At the Tableau Public blog, we’ve chosen to focus on political data visualizations during the month of October, since election day in the United States is right around the corner. We’re using the hashtag #VizTheVote to collect our posts and to encourage others to share their thoughts on an aspect of our world that is rich with data (or at least should be) and is also ripe for visualization.

In this blog post, I’m going to show you how to take advantage of a seldom-used mapping feature in Tableau Public 8.2: built-in U.S. Congressional District shapes. First, let’s look at a viz showing the 113th House of Representatives by either age or tenure, then I’ll go into detail about how it was made:

Step 1: Get the Data
If you look at the Wikipedia page showing the “List of current members of the United States House of Representatives by age“, it looks like this:


I copy and pasted this table into Excel and added a column indicating which party each politician belongs to. Step 1 done.

Step 2: Structure the Data
This table is great, but notice the first column – “District”. It combines the state and the congressional district number into one geographic field. In order for Tableau to recognize the congressional district and apply the correct shape, these two fields need to be separated into a “District” column and a “State” column. I did this in Excel using “Text to Columns”. Here’s an image of the final Excel spreadsheet I used to build the viz:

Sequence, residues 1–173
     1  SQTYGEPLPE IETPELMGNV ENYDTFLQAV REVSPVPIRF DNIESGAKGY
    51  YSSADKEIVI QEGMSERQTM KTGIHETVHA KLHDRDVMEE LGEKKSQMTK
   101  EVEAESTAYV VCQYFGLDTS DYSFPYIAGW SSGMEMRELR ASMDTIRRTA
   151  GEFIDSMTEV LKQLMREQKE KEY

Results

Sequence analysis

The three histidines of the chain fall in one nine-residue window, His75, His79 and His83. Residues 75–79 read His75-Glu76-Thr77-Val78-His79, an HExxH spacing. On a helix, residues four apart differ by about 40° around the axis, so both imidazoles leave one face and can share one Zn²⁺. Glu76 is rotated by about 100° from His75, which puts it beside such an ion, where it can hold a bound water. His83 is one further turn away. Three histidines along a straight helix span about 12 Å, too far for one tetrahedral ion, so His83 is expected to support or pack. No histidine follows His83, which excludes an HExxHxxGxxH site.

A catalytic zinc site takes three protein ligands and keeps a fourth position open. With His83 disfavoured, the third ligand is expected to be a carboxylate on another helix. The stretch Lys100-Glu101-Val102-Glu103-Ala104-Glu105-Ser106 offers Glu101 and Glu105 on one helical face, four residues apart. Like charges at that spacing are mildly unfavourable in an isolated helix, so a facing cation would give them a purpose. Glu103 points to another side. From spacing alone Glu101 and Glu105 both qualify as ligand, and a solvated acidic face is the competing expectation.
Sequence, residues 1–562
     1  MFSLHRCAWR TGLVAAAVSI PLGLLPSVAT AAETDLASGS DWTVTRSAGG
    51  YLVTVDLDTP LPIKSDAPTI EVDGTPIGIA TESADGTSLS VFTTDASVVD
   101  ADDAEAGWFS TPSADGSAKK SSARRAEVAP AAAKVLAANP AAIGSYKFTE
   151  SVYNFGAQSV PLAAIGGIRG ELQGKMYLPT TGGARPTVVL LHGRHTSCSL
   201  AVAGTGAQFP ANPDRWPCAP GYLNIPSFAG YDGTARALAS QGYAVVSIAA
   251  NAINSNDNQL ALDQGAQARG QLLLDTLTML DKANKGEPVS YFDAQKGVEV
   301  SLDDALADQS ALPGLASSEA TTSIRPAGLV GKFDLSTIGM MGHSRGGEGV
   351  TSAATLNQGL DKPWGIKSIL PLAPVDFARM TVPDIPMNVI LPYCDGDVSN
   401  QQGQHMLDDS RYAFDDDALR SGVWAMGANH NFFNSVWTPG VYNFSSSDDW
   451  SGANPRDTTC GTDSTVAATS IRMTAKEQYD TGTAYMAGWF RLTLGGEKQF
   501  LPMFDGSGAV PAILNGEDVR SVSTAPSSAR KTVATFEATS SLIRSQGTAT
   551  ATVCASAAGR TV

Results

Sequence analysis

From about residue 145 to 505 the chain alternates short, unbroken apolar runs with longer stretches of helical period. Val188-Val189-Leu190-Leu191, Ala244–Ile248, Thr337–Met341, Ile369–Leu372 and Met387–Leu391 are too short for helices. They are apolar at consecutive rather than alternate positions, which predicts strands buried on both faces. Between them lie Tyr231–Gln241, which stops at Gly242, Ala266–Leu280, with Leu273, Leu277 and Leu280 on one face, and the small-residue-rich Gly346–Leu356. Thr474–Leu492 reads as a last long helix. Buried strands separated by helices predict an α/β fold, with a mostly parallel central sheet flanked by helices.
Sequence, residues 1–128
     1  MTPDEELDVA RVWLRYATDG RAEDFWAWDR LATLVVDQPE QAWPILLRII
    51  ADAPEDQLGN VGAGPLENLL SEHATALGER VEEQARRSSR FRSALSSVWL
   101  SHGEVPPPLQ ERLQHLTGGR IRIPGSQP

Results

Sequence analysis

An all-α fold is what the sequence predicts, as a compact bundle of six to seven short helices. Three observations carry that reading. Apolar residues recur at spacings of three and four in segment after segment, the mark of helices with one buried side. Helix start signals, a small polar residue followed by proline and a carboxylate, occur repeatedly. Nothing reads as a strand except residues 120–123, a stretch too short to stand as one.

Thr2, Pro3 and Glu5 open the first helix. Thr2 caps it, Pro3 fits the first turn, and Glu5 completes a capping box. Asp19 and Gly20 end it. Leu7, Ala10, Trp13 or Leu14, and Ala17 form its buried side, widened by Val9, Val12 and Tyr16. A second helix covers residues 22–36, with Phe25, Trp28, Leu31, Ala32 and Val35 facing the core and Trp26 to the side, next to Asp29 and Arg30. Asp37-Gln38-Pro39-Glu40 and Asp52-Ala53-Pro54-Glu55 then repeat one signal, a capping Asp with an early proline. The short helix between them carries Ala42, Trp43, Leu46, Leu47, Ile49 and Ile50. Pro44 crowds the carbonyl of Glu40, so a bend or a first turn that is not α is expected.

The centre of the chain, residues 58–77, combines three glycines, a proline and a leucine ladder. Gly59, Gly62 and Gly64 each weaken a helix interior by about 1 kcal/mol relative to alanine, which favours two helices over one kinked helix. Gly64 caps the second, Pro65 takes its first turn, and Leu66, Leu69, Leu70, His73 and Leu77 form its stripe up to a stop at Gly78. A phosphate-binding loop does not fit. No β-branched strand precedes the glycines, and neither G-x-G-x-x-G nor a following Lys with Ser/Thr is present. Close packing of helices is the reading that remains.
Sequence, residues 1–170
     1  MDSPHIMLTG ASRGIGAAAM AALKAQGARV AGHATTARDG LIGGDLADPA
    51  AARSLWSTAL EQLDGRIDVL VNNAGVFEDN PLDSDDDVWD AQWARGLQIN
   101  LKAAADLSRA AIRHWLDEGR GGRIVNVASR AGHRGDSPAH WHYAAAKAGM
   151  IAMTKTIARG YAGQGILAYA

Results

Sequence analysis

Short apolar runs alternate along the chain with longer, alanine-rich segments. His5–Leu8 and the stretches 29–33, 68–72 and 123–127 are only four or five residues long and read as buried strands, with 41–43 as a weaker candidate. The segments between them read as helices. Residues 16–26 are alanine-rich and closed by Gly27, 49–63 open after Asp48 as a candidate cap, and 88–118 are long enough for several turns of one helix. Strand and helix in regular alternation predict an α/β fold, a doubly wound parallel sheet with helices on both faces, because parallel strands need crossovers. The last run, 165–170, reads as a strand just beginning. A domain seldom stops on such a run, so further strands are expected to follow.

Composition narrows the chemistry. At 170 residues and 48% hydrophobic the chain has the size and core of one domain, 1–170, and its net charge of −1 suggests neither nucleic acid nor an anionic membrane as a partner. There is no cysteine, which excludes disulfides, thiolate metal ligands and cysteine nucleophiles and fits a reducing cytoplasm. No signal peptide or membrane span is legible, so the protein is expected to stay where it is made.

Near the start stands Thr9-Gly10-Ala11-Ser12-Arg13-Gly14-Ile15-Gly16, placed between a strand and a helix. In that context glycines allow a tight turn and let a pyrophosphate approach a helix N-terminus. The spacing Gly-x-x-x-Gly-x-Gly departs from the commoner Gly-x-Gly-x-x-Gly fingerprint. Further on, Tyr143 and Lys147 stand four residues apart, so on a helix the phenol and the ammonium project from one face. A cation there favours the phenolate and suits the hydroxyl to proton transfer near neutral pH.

Just the number itself suffices to automatically draw congressional district shapes in Tableau, but there are a few other variations that will also work, as shown in the Geographic Role table below:


Step 3: Visualize the Data
Connect a new Tableau workbook to this spreadsheet and make sure the geographic role for District is set to “Congressional District” (right click on the District pill). Then, do the following:

  1. Double click on “Latitude (generated)” (goes to Rows) and “Longitude (generated)” (goes to Columns)
  2. Drag both “District” and “State” to the Detail shelf
  3. Change the Marks type from Automatic to Filled Map
  4. Drag “Age” to the Color shelf (Age is a calculated field calculating the DATEDIFF between today and the age of birth)

Here’s an image of the map that shows the age of each member of the House of Representatives, with darker colors indicating older reps:


Step 4: Create the Dashboard
This last part is Tableau 101 and a maybe a little bit of 201. I won’t go into detail about how to create the additional Sheets and combine them on a single Dashboard, as I go into detail on how to do this in Chapters 13 and 14 of my book Communicating Data with Tableau.

Interesting to notice a few things: that congressional districts are split on a coastal vs land-locked basis, that some members of the House are quite old and have hung on to their seat upwards of 5 or 6 decades (John Dingell, Michigan 12). Mostly, though, I hope you notice that creating choropleths of congressional districts in Tableau is quite easy.

For more data at a Congressional District level, check out the U.S. Census Bureau “American Fact Finder” table, or use this CSV I downloaded from the Census site that is ready to import directly into Tableau.

Thanks for stopping by,